Research and scholarship
Twitter allows prompt dissemination and discussion of research, knowledge and education. This results in content being available for rapid translation, as well as real time peer review.4 This extends the impact across traditional and geographical silos to include more diverse voices from across specialties and health care professions and, most importantly, includes patients. The downside may be the dissemination of misinformation if experts are not present to provide correction.
Managing risks and dangers
The inherent risks and dangers of social media are well described. An awareness of and adherence to regulations such as the Medical Board and the Australian Health Practitioner Regulation Agency (AHPRA) social media policy,5 and those of any organisations we are employed by or represent, are essential. In many respects, safe and responsible social media use mirrors real‐life professional behaviour. Users can model and learn respectful behaviour, learn how to discuss clinical problems openly and confidentially, advocate for patients as well as address scientific learning and connection. “Don’t do it” is not a valid or ethical solution. A brief yet comprehensive 12‐word social media policy from the Mayo Clinic covers the salient points:
“Don’t Lie, Don’t Pry
Don’t Cheat, Can’t Delete
Don’t Steal, Don’t Reveal”6
What would Hippocrates suggest?
In health care, we now need to be curators and disseminators of accurate and timely information not solely producers. We need to harness the positive and limit the negative while getting ahead of the curve for whatever the future holds. It is time we teach ourselves and our students how to engage responsibly on social media. We, the community and our patients will be better for it. This is particularly evident now during the COVID‐19 pandemic, where our need for timely and accurate information has never been greater.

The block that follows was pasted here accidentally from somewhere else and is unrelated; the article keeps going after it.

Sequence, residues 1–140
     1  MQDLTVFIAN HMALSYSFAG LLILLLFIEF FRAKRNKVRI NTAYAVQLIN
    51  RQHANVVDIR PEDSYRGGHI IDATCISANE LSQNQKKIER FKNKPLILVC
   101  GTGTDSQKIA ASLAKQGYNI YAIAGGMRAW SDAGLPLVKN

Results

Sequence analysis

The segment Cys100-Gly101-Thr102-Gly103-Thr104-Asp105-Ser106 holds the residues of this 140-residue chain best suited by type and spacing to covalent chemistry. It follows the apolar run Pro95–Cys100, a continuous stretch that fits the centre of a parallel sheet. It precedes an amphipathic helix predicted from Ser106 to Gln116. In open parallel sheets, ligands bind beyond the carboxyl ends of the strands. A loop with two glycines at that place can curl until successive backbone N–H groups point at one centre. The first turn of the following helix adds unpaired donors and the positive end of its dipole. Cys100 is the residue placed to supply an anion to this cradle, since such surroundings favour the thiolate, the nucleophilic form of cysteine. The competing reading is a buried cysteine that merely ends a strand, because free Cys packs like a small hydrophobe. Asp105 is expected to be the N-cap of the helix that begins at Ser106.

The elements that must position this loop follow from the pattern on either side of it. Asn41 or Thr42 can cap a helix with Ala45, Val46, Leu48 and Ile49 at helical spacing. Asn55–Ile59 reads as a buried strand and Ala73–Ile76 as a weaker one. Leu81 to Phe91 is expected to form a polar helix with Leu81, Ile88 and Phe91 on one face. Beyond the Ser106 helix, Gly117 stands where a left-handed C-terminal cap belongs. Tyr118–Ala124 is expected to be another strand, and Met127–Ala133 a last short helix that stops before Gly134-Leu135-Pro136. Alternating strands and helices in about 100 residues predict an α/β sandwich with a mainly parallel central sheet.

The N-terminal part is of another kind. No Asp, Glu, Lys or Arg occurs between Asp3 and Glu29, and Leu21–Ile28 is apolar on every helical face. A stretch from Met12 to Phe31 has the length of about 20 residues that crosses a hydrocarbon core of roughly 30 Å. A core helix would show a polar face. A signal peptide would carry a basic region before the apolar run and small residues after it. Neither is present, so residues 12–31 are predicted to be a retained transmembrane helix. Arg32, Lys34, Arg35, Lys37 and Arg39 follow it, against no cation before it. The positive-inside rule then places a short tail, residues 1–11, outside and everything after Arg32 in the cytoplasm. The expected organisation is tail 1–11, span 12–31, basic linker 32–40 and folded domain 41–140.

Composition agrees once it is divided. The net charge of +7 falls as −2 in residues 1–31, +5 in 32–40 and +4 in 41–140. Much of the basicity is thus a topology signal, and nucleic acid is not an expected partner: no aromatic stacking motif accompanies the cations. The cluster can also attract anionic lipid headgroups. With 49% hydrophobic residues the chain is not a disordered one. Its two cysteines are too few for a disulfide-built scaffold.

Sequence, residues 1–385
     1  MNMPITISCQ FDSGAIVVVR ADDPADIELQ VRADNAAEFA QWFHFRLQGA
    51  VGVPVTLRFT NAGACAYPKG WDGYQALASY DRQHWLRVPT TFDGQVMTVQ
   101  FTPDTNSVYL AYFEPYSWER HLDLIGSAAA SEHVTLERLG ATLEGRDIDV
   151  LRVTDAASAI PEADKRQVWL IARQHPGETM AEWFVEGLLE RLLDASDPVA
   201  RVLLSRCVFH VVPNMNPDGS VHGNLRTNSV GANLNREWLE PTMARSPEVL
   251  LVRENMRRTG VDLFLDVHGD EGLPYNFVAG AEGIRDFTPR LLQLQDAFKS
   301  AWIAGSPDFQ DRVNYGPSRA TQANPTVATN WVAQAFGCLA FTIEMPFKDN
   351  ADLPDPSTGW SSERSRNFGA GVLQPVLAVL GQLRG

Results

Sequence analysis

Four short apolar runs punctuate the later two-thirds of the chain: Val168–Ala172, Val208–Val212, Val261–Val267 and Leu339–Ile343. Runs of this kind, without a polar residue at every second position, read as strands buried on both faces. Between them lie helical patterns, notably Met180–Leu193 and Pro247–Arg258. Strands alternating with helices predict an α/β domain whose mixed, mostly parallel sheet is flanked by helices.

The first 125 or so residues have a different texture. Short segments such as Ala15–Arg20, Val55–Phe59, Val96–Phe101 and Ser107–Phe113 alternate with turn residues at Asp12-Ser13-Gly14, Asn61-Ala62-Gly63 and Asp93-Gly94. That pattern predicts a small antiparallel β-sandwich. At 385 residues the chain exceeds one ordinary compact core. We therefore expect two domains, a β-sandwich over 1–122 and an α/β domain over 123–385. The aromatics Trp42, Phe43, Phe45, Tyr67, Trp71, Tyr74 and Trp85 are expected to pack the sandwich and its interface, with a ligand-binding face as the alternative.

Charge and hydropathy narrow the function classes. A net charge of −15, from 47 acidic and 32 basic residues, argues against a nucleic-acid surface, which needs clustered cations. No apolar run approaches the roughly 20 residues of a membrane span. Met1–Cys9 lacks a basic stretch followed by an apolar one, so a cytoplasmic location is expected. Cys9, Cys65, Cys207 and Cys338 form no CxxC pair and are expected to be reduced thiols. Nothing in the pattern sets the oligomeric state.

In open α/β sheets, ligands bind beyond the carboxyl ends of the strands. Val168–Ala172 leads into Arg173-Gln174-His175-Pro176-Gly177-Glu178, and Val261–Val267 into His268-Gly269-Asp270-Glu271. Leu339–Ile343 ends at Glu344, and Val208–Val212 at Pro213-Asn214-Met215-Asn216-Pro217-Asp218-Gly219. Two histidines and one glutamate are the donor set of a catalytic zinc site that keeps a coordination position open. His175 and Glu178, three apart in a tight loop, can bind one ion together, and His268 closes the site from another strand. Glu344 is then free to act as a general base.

Hippocrates is credited with saying “there are two things, science and opinion; the former begets knowledge, the latter ignorance”. Yes, there is opinion on the internet, and if we as health care professionals are not there to address factually incorrect opinions and have a respectful discourse and teach, we are complicit in ignorance.
Provenance: Not commissioned; externally peer reviewed.
- 1. Roland D, Brazil V. Top 10 ways to reconcile social media and “traditional” education in emergency care. Emerg Med J 2015; 32: 819–822.
- 2. Schieber P. The wit and wisdom of Grace Hopper. OCLC Newsletter 1987; 167. http://www.cs.yale.edu/homes/tap/Files/hopper-wit.html (viewed Sept 2019).
- 3. Densen P. Challenges and opportunities facing medical education. Trans Am Clin Climatol Assoc 2011; 122: 48–58.
- 4. Brazil V, Parker C. A day in the life: social media for clinical practice and medical education. Med J Aust 2017; 206: 478–480. https://www.mja.com.au/journal/2017/206/11/day-life-social-media-clinical-practice-and-medical-education
- 5. Medical Board and Australian Health Practitioner Regulation Agency. Social media: how to meet your obligations under the National Law [website]. https://www.medicalboard.gov.au/Codes-Guidelines-Policies/Social-media-guidance.aspx (viewed Dec 2019).
- 6. Timimi FA. A 12‐word social media policy. Mayo Clinic Social Media Network, 2012. https://socialmedia.mayoclinic.org/2012/04/05/a-twelve-word-social-media-policy/2012 (viewed Sept 2019).